Writing Rules written by guest-blogger Rachel Hauck. Unlike many pieces about The Rules, this post doesn't go over the top in either direction and lays out some basic arguments in a clear way.
I liked the post so much, I started writing a comment. Three paragraphs later, I felt my response would be better served as a full blog post.
If you haven't read the post, you should. It's not very long. Go ahead. I'll wait. (And if you don't make it back here, I'll understand. There's some good stuff over there.)
I like the architecture analogy, and I want to take it a step further. For most of history, designing buildings was a craft. Not until recently has it become a science. What's the difference?
In a craft, the knowledge of practitioners is passed down as tenets, maxims, and guidelines: "The ratio of a column to its supported beam must be x." This knowledge is gained by trial and error. This allowed building designers to build strong structures that looked pleasant. The apprentice's buildings looked very similar to the master's, but you didn't have buildings collapsing all over the place.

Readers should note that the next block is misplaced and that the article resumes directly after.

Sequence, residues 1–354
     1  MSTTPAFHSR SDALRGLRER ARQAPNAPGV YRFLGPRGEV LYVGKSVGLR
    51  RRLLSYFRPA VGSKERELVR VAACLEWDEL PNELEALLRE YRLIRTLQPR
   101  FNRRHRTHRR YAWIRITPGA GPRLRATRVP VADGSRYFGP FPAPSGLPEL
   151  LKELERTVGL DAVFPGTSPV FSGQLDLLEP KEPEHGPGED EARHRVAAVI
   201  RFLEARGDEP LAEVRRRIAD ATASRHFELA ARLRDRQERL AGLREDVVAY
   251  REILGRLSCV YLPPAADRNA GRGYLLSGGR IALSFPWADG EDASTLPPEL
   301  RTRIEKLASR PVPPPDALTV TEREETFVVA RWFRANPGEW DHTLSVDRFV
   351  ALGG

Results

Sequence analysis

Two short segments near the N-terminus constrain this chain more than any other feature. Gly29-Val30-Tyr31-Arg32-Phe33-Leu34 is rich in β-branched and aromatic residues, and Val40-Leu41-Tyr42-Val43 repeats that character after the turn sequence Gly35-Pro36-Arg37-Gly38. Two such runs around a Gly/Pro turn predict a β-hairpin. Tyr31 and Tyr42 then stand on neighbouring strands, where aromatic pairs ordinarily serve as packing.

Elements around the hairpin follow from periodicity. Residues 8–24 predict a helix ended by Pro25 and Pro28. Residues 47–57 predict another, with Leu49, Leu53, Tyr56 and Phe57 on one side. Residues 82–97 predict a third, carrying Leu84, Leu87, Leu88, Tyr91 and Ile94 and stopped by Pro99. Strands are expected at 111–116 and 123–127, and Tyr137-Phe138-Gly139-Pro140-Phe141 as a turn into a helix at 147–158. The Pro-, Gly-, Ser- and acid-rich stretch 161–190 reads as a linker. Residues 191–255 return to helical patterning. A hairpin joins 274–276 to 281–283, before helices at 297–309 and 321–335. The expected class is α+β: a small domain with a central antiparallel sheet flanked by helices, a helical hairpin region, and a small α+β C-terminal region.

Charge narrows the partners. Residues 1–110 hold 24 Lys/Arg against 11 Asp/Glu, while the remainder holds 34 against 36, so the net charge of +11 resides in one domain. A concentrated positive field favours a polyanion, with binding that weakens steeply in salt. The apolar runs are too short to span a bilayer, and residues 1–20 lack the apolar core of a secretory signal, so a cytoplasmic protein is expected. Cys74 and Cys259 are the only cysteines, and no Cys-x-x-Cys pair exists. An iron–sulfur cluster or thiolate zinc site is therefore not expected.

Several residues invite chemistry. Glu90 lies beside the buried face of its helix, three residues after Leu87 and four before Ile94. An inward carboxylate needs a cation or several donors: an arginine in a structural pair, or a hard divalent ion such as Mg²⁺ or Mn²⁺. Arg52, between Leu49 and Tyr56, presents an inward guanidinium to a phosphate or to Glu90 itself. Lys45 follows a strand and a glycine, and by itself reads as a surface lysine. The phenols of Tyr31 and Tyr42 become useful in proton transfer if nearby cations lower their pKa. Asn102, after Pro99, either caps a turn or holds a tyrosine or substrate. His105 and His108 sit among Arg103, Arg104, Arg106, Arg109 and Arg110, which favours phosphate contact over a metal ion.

With the advent of advanced mathematics, physics, material science, and other disciplines, building design moved from a craft to a science. We now know the underlying LAWS that govern the building. We can model new ideas and test them without building the whole thing. We discovered that some of the previous RULES end up being hogwash, some were unnecessarily strict, some were good rules but based on faulty reasoning, but most were good advice and are still followed today.
I propose that fiction writing is a craft. This is why people can ignore the rules and still make it. This is why some advice conflicts with other advice. And since a broken story isn't as dangerous as a broken building, we have many people trying new things and discovering new rules.
I still hold that the rules are important. Not because they are the end-all-be-all of story. But simply because following them will maximize the chance for telling a successful story. After all, they have been handed to us by some of the best masters in the field.
Question: What rules do you think are most important? What rules are hogwash?
* Cathedral picture by Steve Parker can be found on Flickr.